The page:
B.   Key Implications for Various Economic Sectors

The EU and U.S. bans on the import and export of a variety of goods services has significantly impacted the following sectors of Europe’s economy:

1.   Technology

Bans on the technology sector have impaired Russia’s ability to access the technological goods needed to fuel its economy.1919Statement, President Ursula von der Leyen, Statement by President von der Leyen at the joint press conference with NATO Secretary-General Stoltenberg and President Michel, Feb. 24, 2022.  Russia’s largest car manufacturer, AutoVAZ, now must produce its cars without essential safety parts, like airbags, anti-lock braking systems, and electronic stability control.2020Nick Kostov and Evan Gershkovich, Iconic Russian Car Maker, Known for Cold War Self-Reliance, Halts Production, The Wall St. J. (Mar. 9, 2022),; Phil McCausland, Sanctions force Russia to produce popular car without air bags, other safety features, NBCNews (June 14, 2022), Russia has reportedly had difficulty resupplying its military’s weapons and equipment, because two of Russia’s major tank plants, Uralvagonzavod Corporation and Chelyabinsk Tractor Plant, have halted work due to the lack of necessary foreign components.2121Press Release, The White House, United States and G7 Partners Impose Severe Costs for Putin’s War Against Ukraine, May 8, 2022, briefing-room/statements-releases/2022/ 05/08/fact-sheet-united-states-and-g7-partners-impose-severe-costs-for-putins-war-against-ukraine/.  Almost 1,000 private sector companies have left Russia, and reports indicate that more than 200,000 Russians, many of whom are highly skilled, have left the country.2222Id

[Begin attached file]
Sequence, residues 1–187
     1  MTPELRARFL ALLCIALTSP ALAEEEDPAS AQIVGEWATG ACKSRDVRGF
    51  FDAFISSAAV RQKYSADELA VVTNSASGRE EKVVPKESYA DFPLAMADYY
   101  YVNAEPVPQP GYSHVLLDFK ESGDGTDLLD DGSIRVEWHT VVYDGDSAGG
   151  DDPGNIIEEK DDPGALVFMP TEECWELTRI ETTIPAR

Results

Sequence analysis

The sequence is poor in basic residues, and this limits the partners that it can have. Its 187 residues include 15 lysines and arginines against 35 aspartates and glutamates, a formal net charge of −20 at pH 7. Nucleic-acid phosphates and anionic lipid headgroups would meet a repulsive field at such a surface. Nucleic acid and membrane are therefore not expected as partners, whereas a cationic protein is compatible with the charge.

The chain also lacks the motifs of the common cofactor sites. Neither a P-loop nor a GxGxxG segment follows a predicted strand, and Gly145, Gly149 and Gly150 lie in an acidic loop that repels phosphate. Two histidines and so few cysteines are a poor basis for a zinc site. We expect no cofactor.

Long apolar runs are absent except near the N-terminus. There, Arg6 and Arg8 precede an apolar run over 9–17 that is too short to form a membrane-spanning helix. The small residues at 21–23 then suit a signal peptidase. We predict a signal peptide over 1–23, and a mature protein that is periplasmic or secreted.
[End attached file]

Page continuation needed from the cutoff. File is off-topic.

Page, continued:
Since Russia annexed Crimea in 2014, Russia has attempted to use to Chinese technology replace Western technology. In 2021, China accounted for 72% of Russia’s imports of computers, 72% of Russia’s telecommunications equipment, and 56% of Russia’s semiconductors.2323Karen M. Sutter and Michael D. Sutherland, Congressional Research Service, China’s Economic and Trade Ties with Russia, May 24, 2022,  Russia’s inter-dependence with China may continue to strengthen as the sanctions continue.

2.   Financial Sector (SWIFT)

Russia and Belarus’s access to the global financial markets have also been strained. On February 26, 2022, the United States, EU, United Kingdom, and Canada announced a commitment to ensure that selected Russian and Belarusian banks were removed from the Society for Worldwide Interbank Financial Telecommunications (“SWIFT”) messaging system.2424Press Release, The White House, Joint Statement on Further Restrictive Economic Measures, (Feb. 26, 2022),  These countries also committed to identifying and freezing the assets of sanctioned individuals and companies that exist within those countries’ jurisdictions.